The New ASEAN in Asia Pacific & Beyond.

AuthorQuayle, Linda
PositionBook review

The New ASEAN in Asia Pacific & Beyond. By Shaun Narine. Boulder and London: Lynne Reiner, 2018. Hardcover: 308pp.

Shaun Narine's excellent new book interrogates the role the Association of Southeast Asian Nations (ASEAN) is likely to play in the Asia Pacific over the next decade or so. The book's major strength is its insistence on viewing ASEAN's development in the broader regional context.

After a brief introduction, the first three substantive chapters cover ASEAN's history as far as the multiple crises of the late 1990s; its quest for internal reform through the creation of a three-pillared ASEAN Community; and its attempt to position itself at the centre of a web of intersecting regional organizations. The next three chapters profile the giants--China, the United States, Japan, India and Russia--that ASEAN seeks to engage and enmesh.

The concluding chapter argues that ASEAN's most critical role in the Asia Pacific is to function as a three-level facilitator of regional interaction: among its members, between those members and the Great Powers, and among the Great Powers themselves. Amid the uncertainties of a shift to a multi-polar environment, this is a niche that ASEAN could further exploit to its advantage (pp. 251-52). But it is also a role that is subject to notable constraints. ASEAN can influence the behaviour and interests of the Asia Pacific's Great Powers, but only marginally. It can create structures that nudge them towards certain rules and norms of conduct, but its influence reaches only as far as their willingness (p. 257). ASEAN does indeed occupy the "driver's seat" of the region's web of organizations, but the vehicle is more akin to a taxi than a private car. The driver can exercise creativity, but only limited autonomy (p. 259).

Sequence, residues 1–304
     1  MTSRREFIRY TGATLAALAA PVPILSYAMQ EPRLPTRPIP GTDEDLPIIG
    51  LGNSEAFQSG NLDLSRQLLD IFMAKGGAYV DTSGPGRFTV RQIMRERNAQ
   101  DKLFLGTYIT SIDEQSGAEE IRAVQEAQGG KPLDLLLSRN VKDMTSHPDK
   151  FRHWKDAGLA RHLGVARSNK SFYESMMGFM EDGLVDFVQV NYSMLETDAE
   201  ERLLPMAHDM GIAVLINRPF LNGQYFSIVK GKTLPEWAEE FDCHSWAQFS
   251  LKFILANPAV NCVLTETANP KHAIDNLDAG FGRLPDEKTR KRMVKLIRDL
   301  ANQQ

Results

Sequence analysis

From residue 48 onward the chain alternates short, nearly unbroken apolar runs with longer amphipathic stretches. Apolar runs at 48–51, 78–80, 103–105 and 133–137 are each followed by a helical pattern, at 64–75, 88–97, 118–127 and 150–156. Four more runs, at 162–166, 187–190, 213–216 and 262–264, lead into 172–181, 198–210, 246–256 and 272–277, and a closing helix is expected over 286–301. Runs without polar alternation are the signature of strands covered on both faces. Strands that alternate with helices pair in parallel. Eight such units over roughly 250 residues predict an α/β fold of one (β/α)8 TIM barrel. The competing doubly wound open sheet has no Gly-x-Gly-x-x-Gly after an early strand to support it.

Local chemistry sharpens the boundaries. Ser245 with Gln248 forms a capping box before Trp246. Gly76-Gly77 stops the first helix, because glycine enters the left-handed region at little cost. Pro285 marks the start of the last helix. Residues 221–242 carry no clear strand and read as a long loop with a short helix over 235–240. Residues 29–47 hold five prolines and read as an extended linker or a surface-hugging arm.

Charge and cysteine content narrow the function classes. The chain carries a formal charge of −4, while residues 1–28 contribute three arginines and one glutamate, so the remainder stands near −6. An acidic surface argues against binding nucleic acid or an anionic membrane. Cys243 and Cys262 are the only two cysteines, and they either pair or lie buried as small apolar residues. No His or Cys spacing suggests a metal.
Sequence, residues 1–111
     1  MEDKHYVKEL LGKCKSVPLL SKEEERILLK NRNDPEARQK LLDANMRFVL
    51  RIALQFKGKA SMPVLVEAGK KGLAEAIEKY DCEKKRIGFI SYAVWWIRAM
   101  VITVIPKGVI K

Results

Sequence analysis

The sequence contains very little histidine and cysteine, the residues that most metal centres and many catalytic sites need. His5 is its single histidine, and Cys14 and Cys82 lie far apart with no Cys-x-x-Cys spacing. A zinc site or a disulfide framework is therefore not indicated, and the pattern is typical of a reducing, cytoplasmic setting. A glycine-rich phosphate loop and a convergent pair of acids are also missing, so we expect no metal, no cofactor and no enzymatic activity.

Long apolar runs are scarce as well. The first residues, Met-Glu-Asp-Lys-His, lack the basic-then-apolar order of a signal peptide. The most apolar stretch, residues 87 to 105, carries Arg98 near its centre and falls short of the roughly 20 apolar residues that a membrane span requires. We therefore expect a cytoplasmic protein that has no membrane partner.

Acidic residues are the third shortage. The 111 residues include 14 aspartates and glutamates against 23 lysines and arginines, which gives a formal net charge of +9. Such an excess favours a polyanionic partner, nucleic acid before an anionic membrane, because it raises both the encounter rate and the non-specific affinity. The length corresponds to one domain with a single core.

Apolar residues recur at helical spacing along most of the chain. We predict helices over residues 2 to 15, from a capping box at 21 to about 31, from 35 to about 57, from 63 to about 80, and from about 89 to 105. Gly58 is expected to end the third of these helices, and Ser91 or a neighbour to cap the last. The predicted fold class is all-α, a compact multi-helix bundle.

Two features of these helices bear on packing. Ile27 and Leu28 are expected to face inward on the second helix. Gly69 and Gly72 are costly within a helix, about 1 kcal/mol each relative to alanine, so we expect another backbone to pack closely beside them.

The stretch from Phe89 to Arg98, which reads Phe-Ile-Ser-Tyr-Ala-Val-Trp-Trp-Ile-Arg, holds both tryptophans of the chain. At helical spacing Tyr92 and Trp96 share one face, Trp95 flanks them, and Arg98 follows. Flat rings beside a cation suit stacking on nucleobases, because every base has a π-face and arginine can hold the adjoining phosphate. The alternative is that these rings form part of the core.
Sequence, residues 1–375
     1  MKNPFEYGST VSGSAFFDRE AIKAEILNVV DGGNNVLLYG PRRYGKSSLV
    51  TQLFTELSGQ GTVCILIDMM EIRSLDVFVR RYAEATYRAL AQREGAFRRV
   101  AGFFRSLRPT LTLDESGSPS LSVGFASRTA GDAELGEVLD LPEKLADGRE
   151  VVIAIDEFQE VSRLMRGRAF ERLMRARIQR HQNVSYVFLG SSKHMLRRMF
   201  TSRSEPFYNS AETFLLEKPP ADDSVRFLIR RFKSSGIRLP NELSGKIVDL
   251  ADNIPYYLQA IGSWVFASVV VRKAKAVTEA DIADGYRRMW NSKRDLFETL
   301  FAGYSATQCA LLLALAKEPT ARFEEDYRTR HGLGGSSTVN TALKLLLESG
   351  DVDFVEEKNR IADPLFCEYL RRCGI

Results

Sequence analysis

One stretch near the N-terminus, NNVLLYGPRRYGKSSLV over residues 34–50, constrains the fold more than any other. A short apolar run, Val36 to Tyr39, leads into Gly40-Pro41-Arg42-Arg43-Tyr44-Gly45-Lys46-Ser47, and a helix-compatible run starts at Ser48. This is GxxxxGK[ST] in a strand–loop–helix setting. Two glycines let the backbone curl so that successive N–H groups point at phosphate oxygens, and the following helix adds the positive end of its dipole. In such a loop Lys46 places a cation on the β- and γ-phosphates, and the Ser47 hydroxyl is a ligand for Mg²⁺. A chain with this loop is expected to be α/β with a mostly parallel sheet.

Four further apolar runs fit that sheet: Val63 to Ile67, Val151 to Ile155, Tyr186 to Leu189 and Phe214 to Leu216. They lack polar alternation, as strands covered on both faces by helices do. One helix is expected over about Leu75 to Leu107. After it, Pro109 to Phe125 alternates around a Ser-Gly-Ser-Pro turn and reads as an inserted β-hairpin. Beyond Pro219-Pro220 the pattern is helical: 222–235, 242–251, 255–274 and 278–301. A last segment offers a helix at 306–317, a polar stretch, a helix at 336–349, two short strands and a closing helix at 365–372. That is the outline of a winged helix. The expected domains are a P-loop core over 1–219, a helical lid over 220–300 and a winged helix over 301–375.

In his review of ASEAN's internal development and larger regional role, Narine's perspective is sober but sympathetic. Simplistic policy prescriptions are refreshingly absent, and the analysis demonstrates considerable nuance.

Given Southeast Asia's history, diversity and economic position, it is far from surprising that ASEAN's raison d'etre was--and still is--state-building (pp. 43, 257), and it was designed not to challenge sovereignty but to augment national and regional independence (p. 7). The ASEAN Community is therefore a long way from becoming "a meaningful reality" (p. 114). Nevertheless, it is not a vain enterprise. Efforts towards community-building seek to future-proof ASEAN by...

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